The well-traveled Carter Camper is looking forward to his stay in Grand Rapids.
Story by Mark Newman / Photo by Sam Iannamico
Carter Camper believes he still has plenty of miles left in the tank.
The AHL veteran was on the move once again last season, his best yet in the pros in terms of points. Splitting the season between Cleveland and Tucson, Camper recorded 61 points in 68 games before being traded to Grand Rapids last June.
Now, at age 30, Camper will be playing for his ninth team in nine years – a rather remarkable number for a player who has been a prominent point producer for the better part of a decade. He has 330 points (87 goals and 243 assists) in 443 regular season AHL games, as well as 45 points (18 goals and 27 assists) in 51 career Calder Cup Playoff games.
Camper admits that he was stunned to learn that he had been dealt by Tucson to the Griffins, just four months after the Roadrunners had acquired him from the Monsters.
“When I got the call that I was traded again, I was shocked a second time,” he said. “Once the shock wore off, I realized I was going to an organization that is focused on winning. The Griffins have a storied franchise that has won Calder Cups and I’ve been really impressed by the team and the way they play.”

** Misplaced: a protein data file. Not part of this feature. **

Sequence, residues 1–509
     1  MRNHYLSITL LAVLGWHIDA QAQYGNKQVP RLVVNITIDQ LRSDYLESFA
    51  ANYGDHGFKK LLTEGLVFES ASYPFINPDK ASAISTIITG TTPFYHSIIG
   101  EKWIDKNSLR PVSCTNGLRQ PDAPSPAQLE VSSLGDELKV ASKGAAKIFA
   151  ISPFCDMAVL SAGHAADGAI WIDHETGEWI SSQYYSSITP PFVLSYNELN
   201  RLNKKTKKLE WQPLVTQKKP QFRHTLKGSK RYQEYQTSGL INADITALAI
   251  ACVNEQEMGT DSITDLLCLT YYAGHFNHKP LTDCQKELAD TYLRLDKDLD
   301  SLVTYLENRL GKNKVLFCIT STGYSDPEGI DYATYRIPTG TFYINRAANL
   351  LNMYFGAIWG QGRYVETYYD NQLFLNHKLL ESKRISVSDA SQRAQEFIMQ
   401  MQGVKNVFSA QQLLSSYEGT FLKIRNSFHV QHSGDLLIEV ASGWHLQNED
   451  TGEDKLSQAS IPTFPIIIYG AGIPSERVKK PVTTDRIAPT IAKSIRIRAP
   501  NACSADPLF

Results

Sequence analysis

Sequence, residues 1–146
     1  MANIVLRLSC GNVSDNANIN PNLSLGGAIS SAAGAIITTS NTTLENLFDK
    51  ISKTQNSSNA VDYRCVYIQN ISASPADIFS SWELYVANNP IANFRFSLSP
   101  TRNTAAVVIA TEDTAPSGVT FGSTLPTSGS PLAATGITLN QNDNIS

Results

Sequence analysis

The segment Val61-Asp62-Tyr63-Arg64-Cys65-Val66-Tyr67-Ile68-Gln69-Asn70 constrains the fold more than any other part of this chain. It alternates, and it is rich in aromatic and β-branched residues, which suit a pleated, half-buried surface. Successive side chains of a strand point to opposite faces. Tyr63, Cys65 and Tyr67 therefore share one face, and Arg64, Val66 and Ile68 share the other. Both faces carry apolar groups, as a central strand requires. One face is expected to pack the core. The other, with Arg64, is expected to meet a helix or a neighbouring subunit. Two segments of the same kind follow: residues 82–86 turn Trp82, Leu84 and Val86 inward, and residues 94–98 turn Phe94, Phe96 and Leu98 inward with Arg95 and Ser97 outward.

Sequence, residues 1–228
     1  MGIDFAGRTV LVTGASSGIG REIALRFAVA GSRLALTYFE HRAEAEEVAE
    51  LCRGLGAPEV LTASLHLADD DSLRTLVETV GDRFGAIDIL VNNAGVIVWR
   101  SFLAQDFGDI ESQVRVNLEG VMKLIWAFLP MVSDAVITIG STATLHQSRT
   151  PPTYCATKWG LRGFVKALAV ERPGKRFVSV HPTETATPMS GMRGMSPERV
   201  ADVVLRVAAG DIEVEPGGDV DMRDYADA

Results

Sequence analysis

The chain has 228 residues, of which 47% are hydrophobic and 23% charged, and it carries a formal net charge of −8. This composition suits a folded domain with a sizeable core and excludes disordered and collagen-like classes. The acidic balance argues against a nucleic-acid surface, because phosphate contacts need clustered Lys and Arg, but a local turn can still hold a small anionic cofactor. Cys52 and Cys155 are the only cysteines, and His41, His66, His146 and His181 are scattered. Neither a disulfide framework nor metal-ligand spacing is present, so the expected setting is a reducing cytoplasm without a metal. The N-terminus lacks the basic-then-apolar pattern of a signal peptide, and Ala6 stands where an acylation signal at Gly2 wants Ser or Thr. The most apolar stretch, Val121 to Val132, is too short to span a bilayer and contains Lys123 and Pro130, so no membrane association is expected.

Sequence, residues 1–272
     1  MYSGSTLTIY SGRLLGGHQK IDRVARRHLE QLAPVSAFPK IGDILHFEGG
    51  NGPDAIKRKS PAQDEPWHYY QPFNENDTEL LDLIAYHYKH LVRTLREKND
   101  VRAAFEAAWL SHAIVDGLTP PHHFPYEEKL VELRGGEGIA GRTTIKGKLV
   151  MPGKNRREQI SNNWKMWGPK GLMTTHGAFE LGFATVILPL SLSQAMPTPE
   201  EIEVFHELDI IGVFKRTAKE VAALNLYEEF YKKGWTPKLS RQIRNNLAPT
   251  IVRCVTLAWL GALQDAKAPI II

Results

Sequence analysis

He would like nothing better than to settle down in one place for a time. He’s been bouncing around almost since the day he turned pro.
Born in Rocky River, Ohio, a western suburb of Cleveland, he is the middle of three hockey-playing brothers. Ben, the eldest, attended Colgate University while Jay, the youngest, played at the University of New Hampshire.
Camper chose to go to Miami (Ohio), the same school where his parents, Rick and Heidi, had met more than two decades earlier.
“When I stepped on campus at Miami for my visit and started talking to the coaches, it seemed so different from everywhere else,” he said. “Obviously I was familiar with the school, but it had nothing to do with my parents. I just felt like it was the right place.”
One of the RedHawks’ assistant coaches his freshman year was Jeff Blashill, who was in his sixth season at the school and would soon leave to become a head coach in the USHL (Indiana) and CCHA (Western Michigan University) before taking charge of the Griffins and later the Red Wings.